As always I welcome your comments and question on any subject before the House of Commons. I can be reached at [email protected] or toll-free at 1-800-665-8711.


Dan Albas is the Member of Parliament for Okanagan-Coquihalla and writes this weekly report for his constituents. His website is and has an archive of previous reports.

More than one perspective on taxation

One of the more commonly used terms in Canadian federal political discussions is the “Ottawa bubble” that can have a variety of different meanings, but typically is used to describe the culture on Parliament Hill that is often very different from what exists in many Canadian communities.

From my own perspective there are two aspects of the Ottawa bubble that I find most discomforting. One is the frequent trend to suggest that the views of everyday Canadians are irrelevant and only the views from interest groups and other highly partisan organizations are deserving of consideration in debate. As an example, frequently I find issues that are reported as being widely opposed in Ottawa are in fact strongly supported by citizens in Okanagan-Coquihalla. The other ongoing concern I have relative to discussion on Parliament Hill pertains to how your tax dollars are viewed in Ottawa, compared to in Okanagan Coquihalla.

To be clear, as taxpayers it is your money taken or otherwise paid to Ottawa from your wages, combined with various taxes and other user fees you pay that keep Ottawa running. The same applies to Victoria at the provincial level and also with your local municipality or regional district with property taxes. One thing all taxes have in common is that you pay them and the higher the amount of tax the more you will pay, the less money you will have remaining to provide for your own household expenses, savings or enjoyment. Conversely when taxes are cut, you will pay less and some of the money saved from taxes can be spent or saved in whatever manner best meets your personal needs.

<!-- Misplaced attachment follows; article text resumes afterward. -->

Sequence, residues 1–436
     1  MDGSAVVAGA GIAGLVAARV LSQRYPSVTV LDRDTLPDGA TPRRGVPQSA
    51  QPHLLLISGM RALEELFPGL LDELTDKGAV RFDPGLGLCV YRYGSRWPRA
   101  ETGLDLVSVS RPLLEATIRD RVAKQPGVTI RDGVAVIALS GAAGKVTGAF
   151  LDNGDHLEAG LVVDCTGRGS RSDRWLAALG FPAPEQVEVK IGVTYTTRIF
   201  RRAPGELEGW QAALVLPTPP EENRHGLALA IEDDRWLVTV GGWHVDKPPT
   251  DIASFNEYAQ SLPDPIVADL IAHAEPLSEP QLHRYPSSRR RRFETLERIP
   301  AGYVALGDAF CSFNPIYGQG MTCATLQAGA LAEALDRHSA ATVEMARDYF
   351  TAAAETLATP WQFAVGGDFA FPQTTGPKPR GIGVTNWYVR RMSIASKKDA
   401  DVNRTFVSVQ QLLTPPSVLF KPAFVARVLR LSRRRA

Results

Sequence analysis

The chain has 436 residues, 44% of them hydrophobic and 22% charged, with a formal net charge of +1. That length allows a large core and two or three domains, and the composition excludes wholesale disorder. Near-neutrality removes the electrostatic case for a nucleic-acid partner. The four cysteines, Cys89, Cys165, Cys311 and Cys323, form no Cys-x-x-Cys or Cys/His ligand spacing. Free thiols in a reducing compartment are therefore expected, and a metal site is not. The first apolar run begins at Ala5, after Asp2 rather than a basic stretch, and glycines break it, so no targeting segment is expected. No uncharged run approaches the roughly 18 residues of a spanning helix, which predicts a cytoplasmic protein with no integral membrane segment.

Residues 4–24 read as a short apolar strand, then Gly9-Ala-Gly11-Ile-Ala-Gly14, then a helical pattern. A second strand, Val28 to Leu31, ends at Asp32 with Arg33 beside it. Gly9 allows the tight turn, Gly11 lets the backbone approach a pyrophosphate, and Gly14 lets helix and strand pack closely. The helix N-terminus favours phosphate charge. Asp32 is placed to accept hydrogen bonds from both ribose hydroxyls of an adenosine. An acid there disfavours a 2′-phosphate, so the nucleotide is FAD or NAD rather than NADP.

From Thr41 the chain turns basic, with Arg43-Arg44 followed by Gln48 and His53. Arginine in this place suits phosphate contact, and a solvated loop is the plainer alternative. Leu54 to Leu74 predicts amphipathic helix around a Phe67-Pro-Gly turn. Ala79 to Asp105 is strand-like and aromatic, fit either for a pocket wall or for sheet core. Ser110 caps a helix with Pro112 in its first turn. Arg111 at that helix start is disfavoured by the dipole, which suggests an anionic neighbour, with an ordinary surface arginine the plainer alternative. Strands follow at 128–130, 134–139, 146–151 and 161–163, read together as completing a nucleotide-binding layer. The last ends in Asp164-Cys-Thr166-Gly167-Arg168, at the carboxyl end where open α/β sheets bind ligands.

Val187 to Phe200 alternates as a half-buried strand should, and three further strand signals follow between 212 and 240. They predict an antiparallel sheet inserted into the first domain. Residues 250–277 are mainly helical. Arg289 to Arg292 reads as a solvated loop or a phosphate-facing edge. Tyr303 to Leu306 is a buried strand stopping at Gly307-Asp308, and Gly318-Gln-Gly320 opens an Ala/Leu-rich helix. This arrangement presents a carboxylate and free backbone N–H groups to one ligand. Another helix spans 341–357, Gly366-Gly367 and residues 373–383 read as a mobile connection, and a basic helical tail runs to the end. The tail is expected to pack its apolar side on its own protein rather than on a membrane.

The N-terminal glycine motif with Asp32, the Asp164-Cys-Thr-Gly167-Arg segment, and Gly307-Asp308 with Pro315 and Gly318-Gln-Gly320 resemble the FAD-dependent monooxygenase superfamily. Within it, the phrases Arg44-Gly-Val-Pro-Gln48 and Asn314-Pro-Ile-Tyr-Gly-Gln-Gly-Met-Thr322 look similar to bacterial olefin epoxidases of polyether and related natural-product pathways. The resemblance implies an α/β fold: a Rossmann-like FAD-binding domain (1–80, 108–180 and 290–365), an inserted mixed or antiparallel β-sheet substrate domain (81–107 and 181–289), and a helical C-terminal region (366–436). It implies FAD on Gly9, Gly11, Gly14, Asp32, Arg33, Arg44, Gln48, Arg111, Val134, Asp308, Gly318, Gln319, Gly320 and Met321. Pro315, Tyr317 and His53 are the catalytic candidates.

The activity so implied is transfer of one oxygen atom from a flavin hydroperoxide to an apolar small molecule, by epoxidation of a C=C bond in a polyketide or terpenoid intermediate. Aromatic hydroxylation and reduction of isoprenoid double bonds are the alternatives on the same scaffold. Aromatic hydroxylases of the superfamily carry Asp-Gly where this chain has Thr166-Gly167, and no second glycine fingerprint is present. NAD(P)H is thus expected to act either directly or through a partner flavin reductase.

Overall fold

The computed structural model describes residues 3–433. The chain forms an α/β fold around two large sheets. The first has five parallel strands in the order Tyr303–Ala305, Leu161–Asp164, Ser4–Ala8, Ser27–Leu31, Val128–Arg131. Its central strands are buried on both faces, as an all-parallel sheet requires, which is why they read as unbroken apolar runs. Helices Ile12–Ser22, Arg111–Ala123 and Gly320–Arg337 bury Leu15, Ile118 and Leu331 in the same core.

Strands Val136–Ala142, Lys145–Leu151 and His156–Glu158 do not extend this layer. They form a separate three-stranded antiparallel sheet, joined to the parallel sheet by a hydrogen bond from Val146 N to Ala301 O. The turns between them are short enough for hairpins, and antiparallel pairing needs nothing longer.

I raise this point because in Ottawa, whenever our Government announces tax cuts you will seldom see the paying of less tax is reported as a savings for taxpayers. It is frequently, as was the case recently, reported as being a cost. From the perspective of many in Ottawa who depend upon your tax dollars for operating revenues, less taxes (that create savings to taxpayers) is a cost to them. It could mean fewer staff, less increases in wages or benefits, even the elimination of a program or possibly not the expansion or creation of another. For this reason the idea of citizens paying less in taxes tends to be looked down upon in Ottawa by those who earn a living from the payment of your taxes. Last year The Parliamentary Budget Officer released a report on Federal tax changes that received little attention however the report contained some interesting information.

Federal income tax cuts announced by our government have resulted in accumulated savings to Canadians of $17 billion over the past decade. Likewise the cut to the GST rate has resulted in accumulated savings of $13 billion over a similar time frame. The same report also found that these tax cuts most benefited “low-middle income earners (households earning between $12,200 and $23,300), effectively resulting in a 4% increase in after-tax income”. Even the lowest income earners in Canada who do not pay some taxes were found to have realized an after-tax gain of 2.2%. Surprisingly the top 10% of income earners realized a net after-tax gain of just 1.4%. These findings are in stark contrast to the narrative that tax cuts only help the wealthy and penalize the poor. In reality this report concludes that tax cuts over the past decade have resulted in higher after tax net income for all Canadians. This is also consistently why the overwhelming majority of citizens I hear from in Okanagan-Coquihalla support tax cuts and do not favour higher taxes.